How far can open source CRM get?

Summary:Despite their support and even their own hosted solutions, there remains something roll-your-own about open source CRM. That's where Intel's money comes in. By scaling Centric, the hope is, a competitive market dynamic can be restored.

Centric CRM logo
News that CentricCRM is getting a capital infusion from Intel Capital leads again to the inevitable question, how far can open source get in the CRM market?

It's a tough road. Customer Relationship Management is more than mission-critical. The title describes your business right there.

So there are big bucks involved, as well as big risks. If you're a big company you've probably got those bucks invested in Oracle. Maybe SAP. Following its acquisition binge of a few years ago, probably Oracle.

On the low end there's the hosted model, led by Salesforce.com. Despite some well-publicized outages, the company keeps moving forward, and if you're not in the Fortunate 500 it can be a sound, even safe choice.

Then there's open source, the only way in which CRM start-ups can elbow their way into the market today. SugarCRM, SplendidCRM and now Centric have proven there's a place in the market for this (if you read your license carefully). But how big a place? Even the vendors can't say.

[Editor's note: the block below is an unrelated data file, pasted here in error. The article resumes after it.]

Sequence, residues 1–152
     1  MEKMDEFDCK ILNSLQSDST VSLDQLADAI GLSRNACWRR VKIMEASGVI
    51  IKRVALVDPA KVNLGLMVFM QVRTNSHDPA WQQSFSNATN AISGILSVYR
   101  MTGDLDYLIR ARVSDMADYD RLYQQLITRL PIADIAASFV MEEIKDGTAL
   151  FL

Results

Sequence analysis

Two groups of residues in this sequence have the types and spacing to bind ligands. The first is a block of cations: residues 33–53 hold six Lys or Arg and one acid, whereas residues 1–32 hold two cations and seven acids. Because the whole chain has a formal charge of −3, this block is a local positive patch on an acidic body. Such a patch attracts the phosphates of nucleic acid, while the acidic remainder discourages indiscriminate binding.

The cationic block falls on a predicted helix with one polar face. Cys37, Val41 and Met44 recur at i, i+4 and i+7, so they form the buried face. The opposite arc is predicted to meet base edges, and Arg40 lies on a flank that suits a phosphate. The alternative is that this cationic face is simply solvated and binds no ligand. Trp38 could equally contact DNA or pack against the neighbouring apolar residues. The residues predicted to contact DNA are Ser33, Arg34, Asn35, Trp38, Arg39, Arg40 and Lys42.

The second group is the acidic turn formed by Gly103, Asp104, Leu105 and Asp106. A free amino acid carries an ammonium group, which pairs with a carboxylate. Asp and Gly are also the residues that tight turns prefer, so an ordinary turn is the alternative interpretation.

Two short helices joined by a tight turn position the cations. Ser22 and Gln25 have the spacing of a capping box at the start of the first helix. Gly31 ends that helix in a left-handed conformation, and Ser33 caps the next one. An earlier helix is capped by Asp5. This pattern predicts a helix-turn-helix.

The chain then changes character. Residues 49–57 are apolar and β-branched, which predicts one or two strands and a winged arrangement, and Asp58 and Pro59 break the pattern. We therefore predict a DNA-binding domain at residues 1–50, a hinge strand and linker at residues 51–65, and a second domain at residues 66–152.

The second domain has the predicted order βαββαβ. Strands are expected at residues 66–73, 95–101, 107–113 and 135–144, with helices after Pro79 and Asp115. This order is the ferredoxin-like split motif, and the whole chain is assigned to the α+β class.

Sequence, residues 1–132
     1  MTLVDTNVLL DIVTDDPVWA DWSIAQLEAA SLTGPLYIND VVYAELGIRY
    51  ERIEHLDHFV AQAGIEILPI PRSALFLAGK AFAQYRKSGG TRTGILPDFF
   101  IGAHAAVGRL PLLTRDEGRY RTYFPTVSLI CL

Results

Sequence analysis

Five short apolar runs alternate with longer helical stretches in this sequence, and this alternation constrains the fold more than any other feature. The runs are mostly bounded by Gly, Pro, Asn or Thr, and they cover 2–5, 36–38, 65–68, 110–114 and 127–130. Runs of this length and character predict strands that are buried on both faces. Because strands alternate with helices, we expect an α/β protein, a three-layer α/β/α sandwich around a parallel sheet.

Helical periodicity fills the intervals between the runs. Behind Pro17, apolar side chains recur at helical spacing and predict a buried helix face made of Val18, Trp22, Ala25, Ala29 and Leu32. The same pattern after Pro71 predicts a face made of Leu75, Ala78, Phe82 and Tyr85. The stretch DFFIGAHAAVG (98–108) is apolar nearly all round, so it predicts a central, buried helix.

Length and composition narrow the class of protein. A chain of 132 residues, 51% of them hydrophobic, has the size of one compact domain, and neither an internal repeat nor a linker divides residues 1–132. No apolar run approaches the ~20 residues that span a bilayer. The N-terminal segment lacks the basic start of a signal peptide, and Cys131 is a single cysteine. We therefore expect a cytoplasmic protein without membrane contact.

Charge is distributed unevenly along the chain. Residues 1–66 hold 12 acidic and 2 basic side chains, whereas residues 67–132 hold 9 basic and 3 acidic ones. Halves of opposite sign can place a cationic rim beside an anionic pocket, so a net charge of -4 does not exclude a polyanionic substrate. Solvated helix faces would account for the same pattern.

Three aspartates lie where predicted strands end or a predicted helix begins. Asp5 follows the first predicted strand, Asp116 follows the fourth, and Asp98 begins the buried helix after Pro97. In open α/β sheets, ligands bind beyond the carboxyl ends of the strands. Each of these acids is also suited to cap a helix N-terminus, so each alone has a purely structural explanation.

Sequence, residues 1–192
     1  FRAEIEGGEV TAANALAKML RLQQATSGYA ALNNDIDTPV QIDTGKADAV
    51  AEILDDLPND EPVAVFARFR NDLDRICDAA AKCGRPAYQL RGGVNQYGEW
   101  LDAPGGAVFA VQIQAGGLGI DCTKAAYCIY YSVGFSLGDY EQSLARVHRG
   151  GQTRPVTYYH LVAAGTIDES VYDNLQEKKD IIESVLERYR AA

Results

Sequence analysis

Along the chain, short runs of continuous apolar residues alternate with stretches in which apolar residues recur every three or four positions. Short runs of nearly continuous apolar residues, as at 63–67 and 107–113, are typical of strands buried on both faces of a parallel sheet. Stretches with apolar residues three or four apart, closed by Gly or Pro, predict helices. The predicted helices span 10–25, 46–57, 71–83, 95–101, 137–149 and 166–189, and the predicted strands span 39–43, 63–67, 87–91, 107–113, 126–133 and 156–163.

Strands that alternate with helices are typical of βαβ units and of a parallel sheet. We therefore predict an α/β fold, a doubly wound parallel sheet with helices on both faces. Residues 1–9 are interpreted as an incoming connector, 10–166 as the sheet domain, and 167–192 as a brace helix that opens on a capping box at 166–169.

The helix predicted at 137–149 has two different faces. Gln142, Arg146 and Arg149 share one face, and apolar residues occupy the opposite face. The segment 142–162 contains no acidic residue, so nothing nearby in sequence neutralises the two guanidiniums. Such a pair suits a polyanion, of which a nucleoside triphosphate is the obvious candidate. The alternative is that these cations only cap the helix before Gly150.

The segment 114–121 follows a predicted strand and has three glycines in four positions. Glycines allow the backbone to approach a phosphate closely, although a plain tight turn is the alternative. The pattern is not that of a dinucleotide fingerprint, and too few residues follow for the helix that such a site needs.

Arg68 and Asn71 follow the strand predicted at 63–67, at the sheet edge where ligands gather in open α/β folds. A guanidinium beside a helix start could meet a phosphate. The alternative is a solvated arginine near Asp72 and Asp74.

Despite their support and even their own hosted solutions, there remains something roll-your-own about open source CRM. That's where Intel's money comes in. By scaling Centric, the hope is, a competitive market dynamic can be restored.

But where does this leave you, with your few dozen or few hundred employees, your tight budget, your crying need for a CRM solution, and those big Oracle price tags?

In the end you have to look someone in the eye. Got a database guy you can trust? Does that guy (or gal) trust Centric, Sugar or some other open source CRM project?  (There's a bunch of them.) Are you willing to bet your company on them?

Then go for it. And let me know how it goes. We can write the story on your IPO tombstone. Or the other kind.

Topics: Open Source, Enterprise Software

About

Dana Blankenhorn has been a business journalist since 1978, and has covered technology since 1982. He launched the Interactive Age Daily, the first daily coverage of the Internet to launch with a magazine, in September 1994.

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